In many ways, this is the game of my dreams. I have a lifelong obsession with samurai cinema, and Ghost of Tsushima is like a samurai epic told through a gorgeous, smartly crafted open-world game. Well-written characters, lots of great quality-of-life choices for an open-world structure, and exciting responsive combat and traversal, all wrapped up in a vivid portrayal of feudal Japan… I was just as often enjoying it as I was more than a little jealous of it. The developer, Sucker Punch, has been belting out great games for years now, and I’m always heartened when a bigger team like this is rewarded for creating original IP. I can only imagine how scary it must have been for a Western team to set out to make an authentically Japanese game. But, having just worked on a game based on Greek myth despite not being ethnically Greek, I’m of the mind that you don’t need to belong to a culture to be able to appreciate, honor, and have something meaningful to say about that culture; and in fact, that outsider’s perspective can give the resulting work its distinctive character and merit. All that aside… Ghost of Tsushima is a great, thoughtfully made, refined example of what AAA games can be.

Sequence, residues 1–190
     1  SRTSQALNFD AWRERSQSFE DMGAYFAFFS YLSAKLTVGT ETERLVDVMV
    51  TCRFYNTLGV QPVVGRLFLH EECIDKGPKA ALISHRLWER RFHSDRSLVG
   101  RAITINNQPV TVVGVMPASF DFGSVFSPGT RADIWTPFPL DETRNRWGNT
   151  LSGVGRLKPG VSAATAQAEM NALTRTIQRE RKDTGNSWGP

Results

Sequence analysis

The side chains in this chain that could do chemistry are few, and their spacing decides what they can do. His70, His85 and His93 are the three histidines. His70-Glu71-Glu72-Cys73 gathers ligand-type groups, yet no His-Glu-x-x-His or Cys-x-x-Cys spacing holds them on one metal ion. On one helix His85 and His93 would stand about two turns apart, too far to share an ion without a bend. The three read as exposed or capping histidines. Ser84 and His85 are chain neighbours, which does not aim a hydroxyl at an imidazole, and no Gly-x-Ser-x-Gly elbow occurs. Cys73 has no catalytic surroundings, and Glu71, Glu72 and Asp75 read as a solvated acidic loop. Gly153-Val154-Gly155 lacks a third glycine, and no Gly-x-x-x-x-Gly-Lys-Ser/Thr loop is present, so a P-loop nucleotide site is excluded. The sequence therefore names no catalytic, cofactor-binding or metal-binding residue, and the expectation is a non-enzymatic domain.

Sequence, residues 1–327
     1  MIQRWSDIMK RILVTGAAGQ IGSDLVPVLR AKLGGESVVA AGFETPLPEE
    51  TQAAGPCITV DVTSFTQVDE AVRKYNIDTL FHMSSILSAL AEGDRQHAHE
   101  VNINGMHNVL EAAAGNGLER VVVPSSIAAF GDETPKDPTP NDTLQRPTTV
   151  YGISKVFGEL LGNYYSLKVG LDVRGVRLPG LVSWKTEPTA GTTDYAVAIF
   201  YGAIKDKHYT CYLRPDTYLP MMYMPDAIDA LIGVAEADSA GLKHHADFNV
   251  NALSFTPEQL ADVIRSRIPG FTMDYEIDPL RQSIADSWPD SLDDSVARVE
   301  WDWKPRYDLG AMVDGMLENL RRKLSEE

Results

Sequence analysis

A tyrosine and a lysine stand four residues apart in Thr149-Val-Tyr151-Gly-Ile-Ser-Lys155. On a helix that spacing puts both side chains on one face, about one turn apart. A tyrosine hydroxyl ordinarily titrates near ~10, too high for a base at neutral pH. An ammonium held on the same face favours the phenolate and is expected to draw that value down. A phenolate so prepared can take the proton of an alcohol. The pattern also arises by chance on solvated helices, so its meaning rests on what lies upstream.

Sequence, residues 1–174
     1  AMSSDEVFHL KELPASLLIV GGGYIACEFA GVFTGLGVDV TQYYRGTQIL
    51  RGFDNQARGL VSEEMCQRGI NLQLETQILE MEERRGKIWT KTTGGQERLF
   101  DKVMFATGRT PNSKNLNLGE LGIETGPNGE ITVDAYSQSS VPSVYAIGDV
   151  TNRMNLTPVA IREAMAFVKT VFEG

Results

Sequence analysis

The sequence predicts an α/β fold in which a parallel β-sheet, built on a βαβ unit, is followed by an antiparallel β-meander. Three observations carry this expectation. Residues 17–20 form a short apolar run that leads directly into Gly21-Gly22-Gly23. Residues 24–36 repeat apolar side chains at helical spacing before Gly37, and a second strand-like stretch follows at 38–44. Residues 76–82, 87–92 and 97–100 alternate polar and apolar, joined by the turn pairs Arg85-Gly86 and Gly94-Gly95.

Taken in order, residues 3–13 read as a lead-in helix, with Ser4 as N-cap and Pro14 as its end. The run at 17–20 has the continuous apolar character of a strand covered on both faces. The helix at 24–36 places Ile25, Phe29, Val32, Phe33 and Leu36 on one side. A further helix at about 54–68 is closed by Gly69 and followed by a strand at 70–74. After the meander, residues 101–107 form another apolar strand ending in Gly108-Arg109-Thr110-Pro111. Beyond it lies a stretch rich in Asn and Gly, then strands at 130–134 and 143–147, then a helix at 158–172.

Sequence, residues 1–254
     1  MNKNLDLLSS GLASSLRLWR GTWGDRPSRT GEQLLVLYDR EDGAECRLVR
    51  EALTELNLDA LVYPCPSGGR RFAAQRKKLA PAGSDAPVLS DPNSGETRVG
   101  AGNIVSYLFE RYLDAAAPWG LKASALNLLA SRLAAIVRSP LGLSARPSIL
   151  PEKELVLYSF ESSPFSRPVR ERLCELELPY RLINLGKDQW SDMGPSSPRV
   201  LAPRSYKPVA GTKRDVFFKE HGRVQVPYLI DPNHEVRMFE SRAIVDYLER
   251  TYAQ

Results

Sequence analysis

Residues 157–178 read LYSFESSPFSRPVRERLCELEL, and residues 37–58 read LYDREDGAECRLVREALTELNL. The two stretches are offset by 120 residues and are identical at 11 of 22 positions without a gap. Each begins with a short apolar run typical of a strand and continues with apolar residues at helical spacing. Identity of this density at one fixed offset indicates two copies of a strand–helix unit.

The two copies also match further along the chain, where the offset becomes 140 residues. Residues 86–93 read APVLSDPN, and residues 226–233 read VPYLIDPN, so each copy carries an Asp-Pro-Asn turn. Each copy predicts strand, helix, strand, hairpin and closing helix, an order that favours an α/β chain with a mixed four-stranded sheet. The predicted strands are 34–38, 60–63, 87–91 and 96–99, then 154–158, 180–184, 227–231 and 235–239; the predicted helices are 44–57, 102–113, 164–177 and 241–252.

I’m still playing through Half-Life: Alyx, but I’ve played enough to join the ranks of everyone who says it must be experienced to be appreciated. The physicality and scale of the world is beyond what other games can achieve. Bog-standard interactions in games that are easy to take for granted--reloading a pistol, using a healing station, putting stuff into your inventory--are a joy in this game. And the central mechanic, using Alyx’s gravity gloves to essentially “Force pull” objects over to you and snatch them, is just fantastic, and something that feels uniquely possible in VR. Plus, it feels so good to be back in Half-Life’s distinctive and iconic sci-fi world (I should say Half-Life 2’s world in particular), something like a cross between George Orwell’s 1984 and H.G. Wells’ War of the Worlds. I’ve long been a VR skeptic, but having picked up an Oculus Quest earlier this year, and having played some of this amazing game, I’m becoming a believer. And, I’m just so happy to see Valve back to making new games again. Valve got to where it is today by being an industry leader in ingeniously designed, finely crafted games with well-told stories and characters, and Half-Life: Alyx shows they’ve still got the magic touch.